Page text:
If your daughter is your dependent - she may not claim a credit for educational expenses.
Expenses to purchase books are not reported on the form 1098-T - you need to have separate receipts for these expenses.
Your are eligible to deduct educational expenses if your modified adjusted gross income (MAGI) is below certain level.
For 2009, the amount of your Hope or lifetime learning credit is gradually reduced (phased out) if your modified adjusted gross income (MAGI) is between $50,000 and $60,000 ($100,000 and $120,000 if you file a joint return). You cannot claim a credit if your MAGI is $60,000 or more ($120,000 or more if you file a joint return).
For Tuition and Fees Deduction
If your modified adjusted gross income (MAGI) is not more than $65,000 ($130,000 if you are married filing jointly), your maximum tuition and fees deduction is $4,000. If your MAGI is larger than $65,000 ($130,000), but is not more than $80,000 ($160,000 if you are married filing jointly), your maximum deduction is $2,000. No tuition and fees deduction is allowed if your MAGI is larger than $80,000 ($160,000).
You may see for reference IRS publication 970 - http://www.irs.gov/pub/irs-pdf/p970.pdf - this publication was just recently updated - please verify if have an updated version.
Please be aware that there is a new educational credit - American Opportunity Credit - you may find details in the publication
Only you may claim educational expenses for your dependent daughter.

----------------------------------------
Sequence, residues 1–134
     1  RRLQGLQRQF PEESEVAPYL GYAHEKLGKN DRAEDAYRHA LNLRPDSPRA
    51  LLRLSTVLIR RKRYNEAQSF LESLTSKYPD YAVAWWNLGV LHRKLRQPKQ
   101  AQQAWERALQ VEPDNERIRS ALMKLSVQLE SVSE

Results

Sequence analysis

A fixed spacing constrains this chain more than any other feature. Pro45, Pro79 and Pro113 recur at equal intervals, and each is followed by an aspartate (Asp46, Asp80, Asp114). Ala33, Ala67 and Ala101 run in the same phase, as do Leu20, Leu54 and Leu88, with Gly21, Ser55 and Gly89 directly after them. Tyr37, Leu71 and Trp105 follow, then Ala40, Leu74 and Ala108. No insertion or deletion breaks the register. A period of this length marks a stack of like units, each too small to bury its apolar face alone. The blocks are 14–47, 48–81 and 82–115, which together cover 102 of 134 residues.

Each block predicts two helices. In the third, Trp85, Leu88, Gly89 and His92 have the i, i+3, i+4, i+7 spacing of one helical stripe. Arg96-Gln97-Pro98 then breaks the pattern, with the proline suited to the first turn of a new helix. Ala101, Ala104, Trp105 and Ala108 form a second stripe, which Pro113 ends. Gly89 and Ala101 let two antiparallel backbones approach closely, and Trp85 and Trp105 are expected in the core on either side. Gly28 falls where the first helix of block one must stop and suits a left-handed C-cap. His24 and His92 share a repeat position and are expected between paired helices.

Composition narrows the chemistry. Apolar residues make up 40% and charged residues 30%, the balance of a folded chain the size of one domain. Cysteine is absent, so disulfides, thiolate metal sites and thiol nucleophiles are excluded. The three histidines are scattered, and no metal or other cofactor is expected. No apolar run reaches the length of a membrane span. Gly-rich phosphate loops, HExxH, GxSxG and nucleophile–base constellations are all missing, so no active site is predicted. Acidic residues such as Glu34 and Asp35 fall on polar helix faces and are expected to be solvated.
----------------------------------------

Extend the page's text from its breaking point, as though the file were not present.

You may claim only expenses that you paid from after tax funds - these included those paid with student loans.
The form 1098-T may not give you the full information - and you need to verify with other documents.
The box 2 on the form 1098-T reports "Amounts billed for qualified tuition" - you need to verify if that amount was actually paid with other documents. Also that amount may include expenses for previous and following year that are billed in 2009 - you only may deduct those that were actually paid in 2009.
The box 5 reports the amount of "Scholarships or grants" - that amount is subtracted from the amount paid if you are not required to pay it back (that is correct in most situations but not always)
Let me know if you need any help.
If scholarship is taxable - it is reported on the recipient's tax return - the recipient of the scholarship is your daughter - not you - so it would be reported on her tax return.
I might use "your" as a generic term - sorry for confusion.
To determine the taxable portion of the scholarship - use the worksheet in IRS publication 970 page 6 - http://www.irs.gov/pub/irs-pdf/p970.pdf
Also see on the next page how to report taxable portion of the scholarship - depending on which form you are using:
If you file Form 1040, include the taxable amount in the total on line 7. If the taxable amount was not reported on Form W-2, also enter "SCH" and the taxable amount on the dotted line next to line 7.